The petitioner relies in some measure on the conduct of the respondent's mother, who was described in the petitioner's testimony as "very domineering." The petitioner charges her with dictating the conditions under which the petitioner might see the children, with preventing the petitioner from seeing them alone, and with telling them that their mother was dead. The petitioner testified that the respondent apparently "condoned" his mother's conduct. It is argued that the respondent left the children to the care of his mother, and thus subjected the children to "influences hostile to their mother by a person of very violent prejudices." The respondent's mother at the time of the hearing was not in favor with the respondent's wife, and apparently no longer visited at her house. The respondent's mother could have been found to have ceased to be a factor in the case.
In the summer of 1943 the respondent sent his daughters to spend eight weeks at a children's camp in Vermont, the junior department of which was in the charge of the respondent's wife whom he was then planning to marry. She did not inform the petitioner that the children were going to Vermont. The petitioner argues from this that the respondent did not notify the Probate Court or the petitioner. See G. L. (Ter. Ed.) c. 208, Section 30. Assuming this to be true, a decree for the petitioner is not thereby required as matter of law. See Hersey v. Hersey, 271 Mass. 545 , 549, 550.
At the time of the hearing the respondent had a draft status of 1-A. The respondent's wife had stated that if he should be drafted, she might take the children to Virginia or Vermont, but testified that she had said this without
knowing that the children could not be taken out of the Commonwealth, that there was no possibility of their going to either State, and that her present plan would be to remain in the same house in Springfield. The judge could accept this testimony of the respondent's wife.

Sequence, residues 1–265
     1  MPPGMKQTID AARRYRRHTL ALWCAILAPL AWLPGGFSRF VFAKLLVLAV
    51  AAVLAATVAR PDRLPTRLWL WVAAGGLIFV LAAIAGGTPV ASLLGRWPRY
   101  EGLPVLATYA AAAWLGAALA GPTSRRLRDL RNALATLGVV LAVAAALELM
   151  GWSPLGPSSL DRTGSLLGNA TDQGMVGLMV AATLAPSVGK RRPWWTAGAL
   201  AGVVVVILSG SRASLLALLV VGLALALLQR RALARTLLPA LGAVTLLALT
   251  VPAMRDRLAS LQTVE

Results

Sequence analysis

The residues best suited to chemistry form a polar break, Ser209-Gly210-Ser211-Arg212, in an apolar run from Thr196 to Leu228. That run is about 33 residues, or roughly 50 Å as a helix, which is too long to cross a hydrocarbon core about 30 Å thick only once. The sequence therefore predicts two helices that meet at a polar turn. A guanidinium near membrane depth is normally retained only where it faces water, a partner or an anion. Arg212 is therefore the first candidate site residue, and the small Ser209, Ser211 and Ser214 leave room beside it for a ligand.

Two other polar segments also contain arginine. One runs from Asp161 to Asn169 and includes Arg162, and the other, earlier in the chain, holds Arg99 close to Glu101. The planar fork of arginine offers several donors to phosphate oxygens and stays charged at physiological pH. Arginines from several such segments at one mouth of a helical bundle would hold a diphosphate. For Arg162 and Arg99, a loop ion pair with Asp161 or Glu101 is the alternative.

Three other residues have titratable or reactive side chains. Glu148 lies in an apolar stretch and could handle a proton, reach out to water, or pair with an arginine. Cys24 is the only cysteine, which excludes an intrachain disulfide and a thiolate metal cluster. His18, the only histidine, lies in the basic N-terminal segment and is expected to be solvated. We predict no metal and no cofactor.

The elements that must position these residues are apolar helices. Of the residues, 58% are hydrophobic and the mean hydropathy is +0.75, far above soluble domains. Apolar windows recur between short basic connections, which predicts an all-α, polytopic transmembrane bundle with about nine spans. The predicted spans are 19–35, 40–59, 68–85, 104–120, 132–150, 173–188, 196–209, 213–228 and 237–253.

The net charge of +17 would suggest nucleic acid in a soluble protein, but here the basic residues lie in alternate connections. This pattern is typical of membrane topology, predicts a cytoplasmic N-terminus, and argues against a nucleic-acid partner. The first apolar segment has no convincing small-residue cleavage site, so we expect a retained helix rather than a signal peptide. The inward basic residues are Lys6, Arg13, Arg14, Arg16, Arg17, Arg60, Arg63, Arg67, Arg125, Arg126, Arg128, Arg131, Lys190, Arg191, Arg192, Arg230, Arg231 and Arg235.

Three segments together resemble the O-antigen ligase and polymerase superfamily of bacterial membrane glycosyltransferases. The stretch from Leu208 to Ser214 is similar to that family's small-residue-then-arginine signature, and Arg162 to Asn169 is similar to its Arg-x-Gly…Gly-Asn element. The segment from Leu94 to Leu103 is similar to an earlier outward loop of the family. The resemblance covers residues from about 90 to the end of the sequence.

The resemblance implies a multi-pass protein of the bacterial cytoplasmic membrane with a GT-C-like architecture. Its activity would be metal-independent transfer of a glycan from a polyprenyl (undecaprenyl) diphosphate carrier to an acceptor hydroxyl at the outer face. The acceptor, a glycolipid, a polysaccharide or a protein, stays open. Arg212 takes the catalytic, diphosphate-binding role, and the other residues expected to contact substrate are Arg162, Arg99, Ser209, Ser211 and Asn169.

The wisdom of changing the order for custody was one peculiarly within the province of the judge, who observed the witnesses, among whom were both parents. See Oliver v. Oliver, 151 Mass. 349 , 350. He was not plainly wrong in failing to find the respondent "unfit" (see G. L. [Ter. Ed.] c. 201, Section 5) or in not finding that there had been "misconduct" on his part (see G. L. [Ter. Ed.] c. 208, Section 31). Jenkins v. Jenkins, 304 Mass. 248 , 250. Cassen v. Cassen, 315 Mass. 35 , 37.
The petitioner contends that the decree gives priority over the mother to the stepmother. The paramount issue in the present case is the welfare of the children. In our opinion the evidence does not support the contention of the petitioner that the conduct of the respondent has been such that their welfare requires that he not be allowed to retain their custody. G. L. (Ter. Ed.) c. 208, Sections 28, 31. See Purinton v. Jamrock, 195 Mass. 187 , 200; Hersey v. Hersey, 271 Mass. 545 , 555.
The oral statements of the judge made at the conclusion of the hearing were not findings of fact, and the petitioner's argument based thereon cannot be considered. Rappel v. Italian Catholic Cemetery Association, 259 Mass. 550 , 553.
The respondent was asked on cross-examination, "There was a time when you changed the locks on the doors, wasn't there?" He answered, "Yes, sir," and was then asked, "When was that?" The judge inquired of the petitioner's counsel if he were trying to show that this was done to keep the petitioner out, and counsel answered in the negative, saying that he was attempting to show bad feeling between the respondent's wife and his mother after his remarriage. The question was excluded subject to the exception of the petitioner, who voluntarily made an offer of proof, which was unnecessary (McGeorge v. Grand Realty
Trust, Inc. 316 Mass. 373 , 377) and irresponsive, to the effect that "that was done at the instigation of . . . [the respondent's wife] to keep his mother out." The petitioner now argues that the question was admissible to show "the domestic atmosphere to which the children were exposed in the respondent's custody." We think that there was no error, and that the cross-examination in this respect was within the discretion of the judge.
We take no cognizance of further proceedings that were said to have been entered in the Probate Court after the entry of the appeal now before us, which apparently are still pending in that court. Owen v. Owen, 264 Mass. 40 , 41-42.